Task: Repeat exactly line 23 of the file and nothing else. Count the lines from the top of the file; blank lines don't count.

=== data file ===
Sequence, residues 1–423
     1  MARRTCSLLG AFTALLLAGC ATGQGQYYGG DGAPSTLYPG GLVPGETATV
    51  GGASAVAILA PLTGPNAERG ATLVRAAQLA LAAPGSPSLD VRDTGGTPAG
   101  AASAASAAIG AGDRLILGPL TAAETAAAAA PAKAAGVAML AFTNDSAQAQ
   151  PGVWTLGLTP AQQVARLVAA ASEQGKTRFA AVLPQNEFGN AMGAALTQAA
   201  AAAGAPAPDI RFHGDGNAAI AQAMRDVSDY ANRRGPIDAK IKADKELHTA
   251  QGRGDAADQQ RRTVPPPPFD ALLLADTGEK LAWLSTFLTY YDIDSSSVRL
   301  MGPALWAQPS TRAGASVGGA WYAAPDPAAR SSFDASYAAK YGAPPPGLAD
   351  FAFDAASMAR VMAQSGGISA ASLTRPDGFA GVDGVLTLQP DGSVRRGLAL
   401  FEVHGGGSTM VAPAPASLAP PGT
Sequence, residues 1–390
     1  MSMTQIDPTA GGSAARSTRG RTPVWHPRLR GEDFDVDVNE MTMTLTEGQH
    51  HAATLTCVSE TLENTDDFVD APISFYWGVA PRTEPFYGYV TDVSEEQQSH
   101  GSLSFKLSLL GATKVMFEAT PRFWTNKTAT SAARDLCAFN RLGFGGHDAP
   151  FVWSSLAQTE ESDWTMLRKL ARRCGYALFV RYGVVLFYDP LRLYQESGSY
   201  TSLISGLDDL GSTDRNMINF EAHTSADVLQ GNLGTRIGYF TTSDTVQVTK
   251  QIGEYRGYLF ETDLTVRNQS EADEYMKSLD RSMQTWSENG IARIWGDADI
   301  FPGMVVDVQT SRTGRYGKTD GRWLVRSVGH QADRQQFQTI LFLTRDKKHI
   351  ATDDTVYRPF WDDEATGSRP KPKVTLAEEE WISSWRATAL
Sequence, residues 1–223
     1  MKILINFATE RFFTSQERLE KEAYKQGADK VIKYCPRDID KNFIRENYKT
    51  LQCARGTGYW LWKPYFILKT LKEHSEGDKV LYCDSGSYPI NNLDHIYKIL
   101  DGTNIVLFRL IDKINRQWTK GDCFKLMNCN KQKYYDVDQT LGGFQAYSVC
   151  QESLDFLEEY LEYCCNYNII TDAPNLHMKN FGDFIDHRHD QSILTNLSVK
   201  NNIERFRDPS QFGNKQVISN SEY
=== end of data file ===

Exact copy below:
   101  DGTNIVLFRL IDKINRQWTK GDCFKLMNCN KQKYYDVDQT LGGFQAYSVC